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The Oxford Book of Fantasy Stories

3.82  ·  Rating details ·  165 ratings  ·  13 reviews
Stories of the unreal, of trolls and werewolves, spells and sorcerers and magic lands, have been part of the human psyche for as long as there are records. In the present century, far from being outdated by the rise of technology and science fiction, fantasy has once more become a major literary genre expressive of the deepest feelings about humanity and its relation to th ...more
Paperback, 499 pages
Published June 1st 1995 by Oxford University Press, USA (first published 1994)
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Oct 12, 2019 marked it as being-read-intermittently  ·  review of another edition
Oct. 12, 2019
On the intermittent occasions when I spend time in the public library at Harrisonburg, Virginia, I typically have a short story anthology that I'm reading in bits and pieces. The current one is this entry in Oxford Univ. Press' long line of quality fiction collections; Tom Shippey is also the editor of a companion volume of science fiction stories, which got five stars from me. Here, he's assembled 31 selections by as many American and British authors, arranged by publication order
A really interesting read. My first introduction to "The Silken-Swift" and "Bite me not or fleur de fur", both awesome stories.

The demon pope /​ Richard Garnett
The fortress unvanquishable, save for Sacnoth /​ Lord Dunsany
Through the dragon glass /​ Abraham Merritt
The nameless city /​ H. P. Lovecraft
The wind in the portico /​ John Buchan
The tower of the elphant /​ Robert E. Howard
Xeethra /​ Clark Ashton Smith
Jirel meets magic /​ Catherine L. Moore
The bleak shore /​ Fritz Leiber
Jessica Ahlros
I find that this is a hard short story collection to review. With its 31 stories by different authors during different years of our history the first being written in 1888 by Richard Garnett and the last written 1992 by Terry Pratchett (also happened to be the only 5 star read by the lot in my opinion). Of these 31 stories I found as I mentioned one five star, six four star reads, four one star reads and five two star reads. Now my three star rating is because I gave fifteen of these stories 3 s ...more
Robert Hepple
May 07, 2019 rated it really liked it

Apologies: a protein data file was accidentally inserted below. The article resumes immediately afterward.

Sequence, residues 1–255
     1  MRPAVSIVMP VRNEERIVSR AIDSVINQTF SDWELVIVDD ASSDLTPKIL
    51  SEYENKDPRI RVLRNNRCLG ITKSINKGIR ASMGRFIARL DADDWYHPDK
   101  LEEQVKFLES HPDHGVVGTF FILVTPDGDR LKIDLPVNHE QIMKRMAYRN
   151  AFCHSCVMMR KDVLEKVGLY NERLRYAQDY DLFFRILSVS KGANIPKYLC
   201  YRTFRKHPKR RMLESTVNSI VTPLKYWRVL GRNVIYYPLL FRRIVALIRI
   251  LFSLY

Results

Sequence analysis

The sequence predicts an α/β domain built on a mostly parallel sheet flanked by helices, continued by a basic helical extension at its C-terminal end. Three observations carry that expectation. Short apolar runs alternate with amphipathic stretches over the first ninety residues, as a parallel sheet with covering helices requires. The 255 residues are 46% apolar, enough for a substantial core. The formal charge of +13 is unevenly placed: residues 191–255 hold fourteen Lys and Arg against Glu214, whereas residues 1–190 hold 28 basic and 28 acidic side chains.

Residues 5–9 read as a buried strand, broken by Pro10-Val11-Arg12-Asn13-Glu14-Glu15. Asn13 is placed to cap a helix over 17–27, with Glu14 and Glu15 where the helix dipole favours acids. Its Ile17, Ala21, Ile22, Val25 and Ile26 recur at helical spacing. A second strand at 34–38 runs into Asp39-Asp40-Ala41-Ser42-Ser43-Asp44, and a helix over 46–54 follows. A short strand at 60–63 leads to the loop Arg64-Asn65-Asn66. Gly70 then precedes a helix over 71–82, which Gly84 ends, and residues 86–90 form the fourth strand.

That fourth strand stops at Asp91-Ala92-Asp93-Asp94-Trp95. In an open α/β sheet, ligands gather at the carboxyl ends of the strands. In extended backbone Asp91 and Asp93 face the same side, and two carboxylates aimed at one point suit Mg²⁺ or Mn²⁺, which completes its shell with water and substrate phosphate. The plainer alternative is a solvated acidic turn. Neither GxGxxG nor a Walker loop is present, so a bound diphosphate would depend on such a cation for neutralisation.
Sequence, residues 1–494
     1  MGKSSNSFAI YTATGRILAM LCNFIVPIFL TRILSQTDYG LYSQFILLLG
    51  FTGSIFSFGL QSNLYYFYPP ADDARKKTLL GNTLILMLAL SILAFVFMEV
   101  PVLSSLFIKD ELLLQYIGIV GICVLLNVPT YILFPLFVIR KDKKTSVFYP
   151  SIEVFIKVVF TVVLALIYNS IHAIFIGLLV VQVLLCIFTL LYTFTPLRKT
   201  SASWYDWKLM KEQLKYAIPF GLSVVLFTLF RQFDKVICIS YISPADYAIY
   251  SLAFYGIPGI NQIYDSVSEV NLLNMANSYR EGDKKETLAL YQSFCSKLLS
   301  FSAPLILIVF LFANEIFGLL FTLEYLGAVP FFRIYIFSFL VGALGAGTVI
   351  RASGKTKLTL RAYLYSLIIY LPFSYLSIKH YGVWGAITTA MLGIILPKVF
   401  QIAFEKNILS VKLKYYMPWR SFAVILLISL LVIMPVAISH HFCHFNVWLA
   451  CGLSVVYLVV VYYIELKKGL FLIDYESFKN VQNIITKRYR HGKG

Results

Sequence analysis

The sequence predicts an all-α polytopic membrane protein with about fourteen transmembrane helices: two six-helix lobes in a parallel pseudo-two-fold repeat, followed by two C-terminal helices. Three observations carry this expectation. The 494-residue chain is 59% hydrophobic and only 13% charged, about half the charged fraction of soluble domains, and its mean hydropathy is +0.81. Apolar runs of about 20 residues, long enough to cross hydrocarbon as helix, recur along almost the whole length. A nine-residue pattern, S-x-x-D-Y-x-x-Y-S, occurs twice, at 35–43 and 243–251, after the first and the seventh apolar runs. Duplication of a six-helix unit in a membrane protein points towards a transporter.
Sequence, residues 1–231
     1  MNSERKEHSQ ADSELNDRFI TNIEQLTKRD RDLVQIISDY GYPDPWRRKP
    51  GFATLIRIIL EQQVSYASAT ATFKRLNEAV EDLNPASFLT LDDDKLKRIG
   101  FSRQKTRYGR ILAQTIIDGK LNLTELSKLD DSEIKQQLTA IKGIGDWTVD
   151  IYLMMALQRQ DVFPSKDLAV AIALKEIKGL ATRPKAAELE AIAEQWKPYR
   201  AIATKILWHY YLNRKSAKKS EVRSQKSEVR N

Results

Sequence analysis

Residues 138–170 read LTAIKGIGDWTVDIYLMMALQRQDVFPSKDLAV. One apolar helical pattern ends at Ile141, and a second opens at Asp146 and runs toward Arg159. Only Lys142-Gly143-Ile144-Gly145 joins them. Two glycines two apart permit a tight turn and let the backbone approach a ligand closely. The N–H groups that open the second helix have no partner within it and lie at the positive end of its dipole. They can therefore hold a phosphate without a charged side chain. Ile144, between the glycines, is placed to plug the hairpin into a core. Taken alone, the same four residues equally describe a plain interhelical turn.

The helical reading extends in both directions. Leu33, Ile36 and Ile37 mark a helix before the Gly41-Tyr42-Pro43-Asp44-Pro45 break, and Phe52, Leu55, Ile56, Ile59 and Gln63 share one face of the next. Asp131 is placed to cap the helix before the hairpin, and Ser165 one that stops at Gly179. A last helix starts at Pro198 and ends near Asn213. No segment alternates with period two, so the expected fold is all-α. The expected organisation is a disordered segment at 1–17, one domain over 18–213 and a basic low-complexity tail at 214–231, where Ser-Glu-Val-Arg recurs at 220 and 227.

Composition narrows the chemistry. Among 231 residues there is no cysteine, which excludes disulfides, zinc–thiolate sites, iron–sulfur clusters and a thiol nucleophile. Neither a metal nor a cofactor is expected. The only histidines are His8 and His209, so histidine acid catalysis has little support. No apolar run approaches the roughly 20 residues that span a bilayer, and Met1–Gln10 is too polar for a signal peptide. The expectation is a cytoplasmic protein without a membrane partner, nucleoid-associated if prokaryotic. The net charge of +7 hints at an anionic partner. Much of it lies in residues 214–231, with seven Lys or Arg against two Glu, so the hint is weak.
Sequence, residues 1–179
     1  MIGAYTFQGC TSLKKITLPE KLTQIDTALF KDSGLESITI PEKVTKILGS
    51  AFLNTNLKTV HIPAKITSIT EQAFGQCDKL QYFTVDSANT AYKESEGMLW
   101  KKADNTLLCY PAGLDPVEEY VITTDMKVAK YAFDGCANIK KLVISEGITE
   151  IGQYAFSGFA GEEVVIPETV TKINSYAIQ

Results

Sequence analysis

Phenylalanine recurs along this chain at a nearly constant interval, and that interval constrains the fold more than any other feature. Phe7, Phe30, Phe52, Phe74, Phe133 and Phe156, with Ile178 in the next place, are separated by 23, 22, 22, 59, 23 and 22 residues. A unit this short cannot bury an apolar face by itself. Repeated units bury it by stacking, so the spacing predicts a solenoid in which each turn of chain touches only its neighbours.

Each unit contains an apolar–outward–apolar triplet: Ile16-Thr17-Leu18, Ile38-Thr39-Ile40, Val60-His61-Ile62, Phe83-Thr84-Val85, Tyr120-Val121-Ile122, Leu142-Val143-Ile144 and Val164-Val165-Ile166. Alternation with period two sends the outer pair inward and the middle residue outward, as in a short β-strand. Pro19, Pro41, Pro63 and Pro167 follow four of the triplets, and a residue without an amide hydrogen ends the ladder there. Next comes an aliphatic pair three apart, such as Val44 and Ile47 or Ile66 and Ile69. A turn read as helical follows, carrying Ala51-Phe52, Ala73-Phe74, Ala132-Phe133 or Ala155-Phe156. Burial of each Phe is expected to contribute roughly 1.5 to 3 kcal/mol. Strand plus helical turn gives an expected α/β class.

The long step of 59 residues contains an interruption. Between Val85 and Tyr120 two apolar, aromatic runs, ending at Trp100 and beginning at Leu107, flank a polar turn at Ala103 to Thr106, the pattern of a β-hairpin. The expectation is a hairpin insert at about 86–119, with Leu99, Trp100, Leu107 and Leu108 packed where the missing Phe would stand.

First published in this volume in 1994, 'The Oxford Book of Fantasy Stories' is a collection of 31 short stories originally published over the years 1888-1992. The authors included comprise some of the finest fantasy writers, and the stories themselves are superb examples, so long as you realise that only fantasy authors who can pen decent short stories are represented. Most enjoyable. ...more
Edward Pissmeoff
A great collection of shorts by masters of the genre, put together in chronological order, so you can see how the writers of the past have, and continue to, influence the new generations.
Apr 29, 2018 rated it really liked it  ·  review of another edition
I didn't love all of the stories. But there were a gems in the collection from Robert E. Howard, Fritz Leiber, Larry Niven, and Terry Pratchett. ...more
Oct 06, 2019 rated it really liked it  ·  review of another edition
"The Demon Pope," by Richard Garnett (1888): 7.75
- Limped across the finish line, but otherwise enjoyable little ditty, in which we get all the hallmarks of 19th-century genre writing turgidity, ethnic-nationalism, and papist-bashing we could ever want (and in only several pages). Interesting to set this soul-to-the-devil tale so deep in the medieval past, although there are really no markers to set it apart from any timeless generic Protestant-generated assumptions about the Vatican except for
Simon Mcleish
May 30, 2012 rated it really liked it  ·  review of another edition
Shelves: owned
Originally published on my blog here in December 1999.

This collection of short stories aims to be representative of the history of the modern fantasy genre, from the mid-nineteenth century onwards. The authors include many important shapers of the genre, though there are odd omissions - Tolkien, Morris, MacDonald, and Donaldson, for example. The selection concentrates on the earlier years, probably because the average reader of fantasy relies on the selection in the local bookshop and only ever
'chris d
I read an anthology "The Oxford Book of Fantasy Stories by Tom Shippey."

I found it inconsistent; that is purely an opinion as a reader. I had never read H.P. Lovecraft or Robert E. Howard (Conan) and frankly, they were two of the best stories in the book. I've never read Terry Pratchett until this anthology; lovely, lovely short story. I was surprised. It was worth reading. I like short stories but I could not get into all of them.
Sep 30, 2012 rated it it was ok  ·  review of another edition
Eh. Not terrible, but not good enough to be worth slogging through. Skipped to the Tanith Lee, then sent it back to the library.
Dec 17, 2012 rated it really liked it  ·  review of another edition
Shelves: fantasy
I enjoyed reading these short stories. A few near the beginning of the book were not as good as the rest, but most were amazing.
The Oxford Book of Fantasy Stories (Oxford Books of Prose) by Tom Shippey (2003)
Sep 07, 2010 rated it it was amazing  ·  review of another edition
A great anthology that shows the progression of the fantasy genre. I definitely recommend this book to anyone who loves fantasy.
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Publishes as T.A. Shippey and Tom Shippey. ...more

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